The local food movement is driven by a desire for transparency and authenticity within the food system. Customers want fresh, wholesome ingredients, grown in ways that support rather than damage their local economy and environment. So, it’s no surprise that despite the countless ways one can now buy local food—from grocery stores, to drive-through windows, to tapping a smartphone—consumers are still making the effort to head to the farmers market.
You can’t beat buying a peach straight from the hand that grew it. When farmers don’t have to worry about shipping or warehousing their fresh produce, they can select for qualities like exceptional flavor or nutrition. Interested in learning more about how that peach was grown? Wondering the best way to store it? Ask the farmer directly. Farmers markets are phenomenal educational sites because shoppers wanting to learn more about local agriculture or even how to prepare the food they just purchased can do so through a friendly conversation with the man or woman who grew the food.
In addition to fresh, local food, markets offer one of the only places where people from all backgrounds, lifestyles, and income levels interact. They serve as an all-too-rare bridge between rural and urban communities, places where city people still ask how the crop is looking this year, and country people always know what’s going on “in town.” In places where bustling main streets or urban communities have turned quiet or fallen on hard times, farmers markets breathe fresh, new life and create a space where people can meet and enjoy an afternoon with friends and neighbors. It’s no wonder that the number of farmers markets nationwide has nearly doubled over the past decade.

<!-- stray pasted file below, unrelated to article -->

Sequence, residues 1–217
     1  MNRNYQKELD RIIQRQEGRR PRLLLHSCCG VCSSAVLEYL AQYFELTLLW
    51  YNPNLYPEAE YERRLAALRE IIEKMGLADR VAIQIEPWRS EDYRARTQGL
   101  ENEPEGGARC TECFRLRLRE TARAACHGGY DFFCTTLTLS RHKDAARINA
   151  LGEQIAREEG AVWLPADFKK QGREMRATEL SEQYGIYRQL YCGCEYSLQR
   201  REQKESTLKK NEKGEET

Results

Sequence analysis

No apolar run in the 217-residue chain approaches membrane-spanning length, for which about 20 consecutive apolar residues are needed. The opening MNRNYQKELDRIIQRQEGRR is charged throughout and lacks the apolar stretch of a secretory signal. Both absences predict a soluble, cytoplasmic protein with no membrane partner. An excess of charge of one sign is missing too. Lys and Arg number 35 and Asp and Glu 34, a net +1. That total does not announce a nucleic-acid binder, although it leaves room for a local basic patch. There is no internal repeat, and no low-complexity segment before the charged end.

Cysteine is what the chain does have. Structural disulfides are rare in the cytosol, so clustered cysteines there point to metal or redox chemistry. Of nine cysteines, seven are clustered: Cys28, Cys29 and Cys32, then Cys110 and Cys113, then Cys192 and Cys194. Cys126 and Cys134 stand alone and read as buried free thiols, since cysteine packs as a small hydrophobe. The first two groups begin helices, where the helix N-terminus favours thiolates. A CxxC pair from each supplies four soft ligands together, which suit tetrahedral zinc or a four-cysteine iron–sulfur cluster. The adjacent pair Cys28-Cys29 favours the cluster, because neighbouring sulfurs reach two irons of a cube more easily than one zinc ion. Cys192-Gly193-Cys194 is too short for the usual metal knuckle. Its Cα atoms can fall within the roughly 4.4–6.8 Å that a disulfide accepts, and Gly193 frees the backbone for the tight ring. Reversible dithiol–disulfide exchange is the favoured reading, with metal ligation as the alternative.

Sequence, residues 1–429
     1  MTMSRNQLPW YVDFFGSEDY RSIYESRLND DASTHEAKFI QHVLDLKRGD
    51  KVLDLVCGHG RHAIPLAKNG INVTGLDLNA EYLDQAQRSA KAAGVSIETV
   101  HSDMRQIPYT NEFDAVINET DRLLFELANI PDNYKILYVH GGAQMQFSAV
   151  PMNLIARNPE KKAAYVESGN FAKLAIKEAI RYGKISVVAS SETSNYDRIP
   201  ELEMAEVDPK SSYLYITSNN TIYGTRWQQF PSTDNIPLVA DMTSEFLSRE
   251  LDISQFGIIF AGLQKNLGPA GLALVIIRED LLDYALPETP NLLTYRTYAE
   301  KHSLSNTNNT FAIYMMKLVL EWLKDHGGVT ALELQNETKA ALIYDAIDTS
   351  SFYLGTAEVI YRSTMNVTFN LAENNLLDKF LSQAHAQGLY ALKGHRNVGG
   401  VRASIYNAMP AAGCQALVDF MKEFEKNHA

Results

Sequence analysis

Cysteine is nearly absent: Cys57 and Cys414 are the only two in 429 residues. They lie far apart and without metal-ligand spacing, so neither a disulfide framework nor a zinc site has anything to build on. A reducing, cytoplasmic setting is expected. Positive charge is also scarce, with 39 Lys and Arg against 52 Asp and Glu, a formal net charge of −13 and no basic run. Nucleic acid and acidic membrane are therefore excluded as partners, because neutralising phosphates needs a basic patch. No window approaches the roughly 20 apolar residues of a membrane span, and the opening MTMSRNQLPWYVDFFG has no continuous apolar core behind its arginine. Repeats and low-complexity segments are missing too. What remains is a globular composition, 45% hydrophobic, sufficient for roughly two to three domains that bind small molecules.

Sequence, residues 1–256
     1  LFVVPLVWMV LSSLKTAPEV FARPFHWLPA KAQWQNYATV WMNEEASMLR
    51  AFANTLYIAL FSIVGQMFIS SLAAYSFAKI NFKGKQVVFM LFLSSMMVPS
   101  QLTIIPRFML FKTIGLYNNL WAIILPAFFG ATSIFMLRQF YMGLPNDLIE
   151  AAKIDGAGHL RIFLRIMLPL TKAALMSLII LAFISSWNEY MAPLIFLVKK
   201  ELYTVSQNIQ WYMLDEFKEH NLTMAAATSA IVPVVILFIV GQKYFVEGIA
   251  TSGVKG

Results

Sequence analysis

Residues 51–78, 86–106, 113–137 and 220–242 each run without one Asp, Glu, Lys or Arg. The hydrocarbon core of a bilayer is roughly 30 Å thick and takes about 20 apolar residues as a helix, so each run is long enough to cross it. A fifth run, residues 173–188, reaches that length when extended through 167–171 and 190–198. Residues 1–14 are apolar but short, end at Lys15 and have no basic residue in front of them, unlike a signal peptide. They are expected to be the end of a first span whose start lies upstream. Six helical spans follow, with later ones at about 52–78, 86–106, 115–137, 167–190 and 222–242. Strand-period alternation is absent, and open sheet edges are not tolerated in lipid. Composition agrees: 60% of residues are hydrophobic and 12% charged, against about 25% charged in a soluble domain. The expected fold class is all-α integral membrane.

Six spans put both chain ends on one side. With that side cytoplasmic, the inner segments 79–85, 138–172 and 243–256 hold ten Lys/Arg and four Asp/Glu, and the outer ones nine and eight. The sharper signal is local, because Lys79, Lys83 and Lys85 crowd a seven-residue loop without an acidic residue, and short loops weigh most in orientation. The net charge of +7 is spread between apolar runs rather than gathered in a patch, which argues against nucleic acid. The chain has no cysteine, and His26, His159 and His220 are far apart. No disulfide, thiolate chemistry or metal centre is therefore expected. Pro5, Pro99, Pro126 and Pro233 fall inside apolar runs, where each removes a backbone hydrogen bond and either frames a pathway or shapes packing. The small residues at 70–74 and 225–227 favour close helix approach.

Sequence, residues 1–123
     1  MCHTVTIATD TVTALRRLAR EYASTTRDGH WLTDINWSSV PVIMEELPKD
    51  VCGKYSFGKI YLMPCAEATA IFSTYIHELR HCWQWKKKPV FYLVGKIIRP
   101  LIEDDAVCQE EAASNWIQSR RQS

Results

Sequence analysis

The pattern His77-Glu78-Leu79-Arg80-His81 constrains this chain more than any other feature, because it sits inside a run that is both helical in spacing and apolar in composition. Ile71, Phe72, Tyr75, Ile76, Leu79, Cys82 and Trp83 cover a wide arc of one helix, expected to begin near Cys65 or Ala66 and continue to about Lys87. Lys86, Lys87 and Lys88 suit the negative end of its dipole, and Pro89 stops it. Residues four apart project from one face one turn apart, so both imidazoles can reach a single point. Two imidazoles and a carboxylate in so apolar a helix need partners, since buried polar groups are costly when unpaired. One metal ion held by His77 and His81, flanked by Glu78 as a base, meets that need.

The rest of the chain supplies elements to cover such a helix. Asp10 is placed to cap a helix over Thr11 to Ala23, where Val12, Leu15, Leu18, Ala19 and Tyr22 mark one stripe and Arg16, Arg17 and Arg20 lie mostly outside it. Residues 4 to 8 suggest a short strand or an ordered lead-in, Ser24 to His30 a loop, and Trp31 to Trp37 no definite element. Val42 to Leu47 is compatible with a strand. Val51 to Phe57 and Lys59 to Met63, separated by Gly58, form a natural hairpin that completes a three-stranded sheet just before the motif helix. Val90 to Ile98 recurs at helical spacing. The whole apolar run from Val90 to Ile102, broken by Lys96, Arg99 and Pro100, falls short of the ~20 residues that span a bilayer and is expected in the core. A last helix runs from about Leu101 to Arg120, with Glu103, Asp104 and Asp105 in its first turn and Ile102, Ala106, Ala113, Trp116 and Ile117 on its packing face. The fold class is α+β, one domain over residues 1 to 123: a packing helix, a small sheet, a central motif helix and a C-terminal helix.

With fewer middlemen and low overhead, more young and beginning farmers are using farmers markets to enter into agriculture and test new products. The most recent Agriculture Census backs this up: 43 percent of farmers selling at farmers markets have farmed less than 10 years—twice the national rates for all American farmers. This is reassuring news considering the gloomy statistic that nearly four times as many U.S. farmers are over the age of 65 as there are under 35.
When local farmers profit, local economies reap the benefits as well. A recent study of the Sacramento region conducted by a team of economists at the University of California Davis discovered that “for every dollar of sales, direct marketers are generating twice as much economic activity within the region, as compared to producers who are not involved in direct marketing.” The study also reveals good news for the job market—for every $1 million in revenue, direct-market farmers create almost 32 local jobs in comparison to only 10.5 created by wholesale growers.
The Farmers Market Coalition (FMC) is a member-based organization that offers many of its resources online for free at farmersmarketcoalition.org. Members receive regular updates on promotional programs like the Power of Produce (POP) Club, the Free SNAP EBT Equipment Program, and FMC’s Market and Vendor Insurance Program, and benefit from belonging to an active, nationwide network of like-minded individuals working to improve the local food system.
While FMC believes it does a pretty good job of providing support for market managers and local farmers, they really rely on you—the customers. Your dedication to making a weekly market trip is what motivates the managers and farmers. Alice White, a farmer from Bluebird Meadows Farm in North Carolina, said it best: “We provide sustenance for our customers, our community, and they in turn provide the same for us.” See you at the market!